Hackers disrupt OPS surveillance third time this quarter

by Coranna Howard in Fiction

Hacker group ‘pecker’ (suspected of belonging to the rising underground) has once again attacked the local Orean Public Security surveillance network, “exploiting critical infrastructure,” so says head network engineer Wayne Essin of OPS.

“On a normal day we receive on the order of four- to seven-thousand probes per minute, many of which are harmless botnets hapazardly knocking on anything they run into. I say harmless because the probes they make are mostly to our public network – which is just as heavily fortified as our separate internal network – and because these botnets are typically dumber than an adolescent series 1 Galvin NN. These rarely make it into our networks, and if they do we make quick work of the hole and anything touched automatically gets patched over. Successful attacks are quite uncommon, especially under constant and vigilant scanning.

“The so-called ‘pecker’ hacker(s) initially gained access to the internal network by hijacking an active connection, but were stopped short by our security protocols. We estimate they took about two days to find a hole and craft an exploit for it, after which they quietly compromised several nodes and set off an array of exploits all at once. For the second attack, they used a hidden backdoor in one of the compromised nodes (which was only caught during the attack) and took the same trial-and-error approach.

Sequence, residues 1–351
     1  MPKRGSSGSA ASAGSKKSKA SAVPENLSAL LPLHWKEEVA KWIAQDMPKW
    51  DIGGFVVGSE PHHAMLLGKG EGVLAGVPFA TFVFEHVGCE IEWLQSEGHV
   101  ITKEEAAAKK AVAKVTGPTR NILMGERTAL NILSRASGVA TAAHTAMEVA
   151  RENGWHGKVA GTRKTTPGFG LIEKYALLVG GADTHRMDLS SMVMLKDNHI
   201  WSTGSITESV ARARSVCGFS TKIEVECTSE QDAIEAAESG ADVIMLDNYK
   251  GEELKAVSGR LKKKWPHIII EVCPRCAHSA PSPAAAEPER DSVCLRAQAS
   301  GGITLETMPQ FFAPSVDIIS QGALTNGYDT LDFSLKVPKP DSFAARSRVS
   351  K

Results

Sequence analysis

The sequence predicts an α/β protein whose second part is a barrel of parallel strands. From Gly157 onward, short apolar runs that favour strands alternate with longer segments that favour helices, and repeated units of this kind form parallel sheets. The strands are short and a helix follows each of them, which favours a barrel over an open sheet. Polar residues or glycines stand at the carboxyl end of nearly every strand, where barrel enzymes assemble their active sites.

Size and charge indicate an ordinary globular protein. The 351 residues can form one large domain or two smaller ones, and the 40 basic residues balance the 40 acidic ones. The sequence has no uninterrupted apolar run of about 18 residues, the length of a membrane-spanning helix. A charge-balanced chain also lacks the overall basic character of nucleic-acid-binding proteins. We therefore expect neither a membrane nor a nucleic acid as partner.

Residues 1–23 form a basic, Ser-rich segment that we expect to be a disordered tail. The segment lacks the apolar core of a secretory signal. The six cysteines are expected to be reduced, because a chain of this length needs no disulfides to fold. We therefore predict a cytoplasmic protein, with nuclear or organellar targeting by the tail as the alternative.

“We're still analyzing the third attack, but it appears they've set an advanced decoy botnet against the network to shadow a much more sophisticated attack directly aimed at the surveillance and communication networks. The decoy botnet has brought us around 340,000 probes per minute at peak activity.”

OPS have reported several crimes executed during these attacks; it is unknown if these were happenstance, taking of opportunity, or in concert. There are also some crimes which weren't reported and are still under media blackout.

Generation against the flow

Concerned citizens are petitioning for more force against the underground to prevent the uprisal of a cohesive rebel group — which is proving quite hard to track due to ongoing cyber warfare against the state. Proponents have cited many issues: poor working conditions, inadequate protection and health services for Oranium miners, despotism in the government, market manipulation by private parties, and so on. Some believe the lack of OPS pressure is because they fear media attention — widespread recognition of state issues.

The new generation is more daring and less complacent, something that has echoed through the years as the government trips over its many promises. If things don't change to their liking, we may very well see a violent uprising.


  • I'm experimenting with random bits of a universe I've crafted for a periodic story (think of it like a webcomic, but entirely in text) which should be poking its ugly rear-end out of the cocoon soon enough. This somewhat misrepresents the actual style and content since it's from a journalist's perspective and sort of a prologue, BUT THERE 'YA GO.


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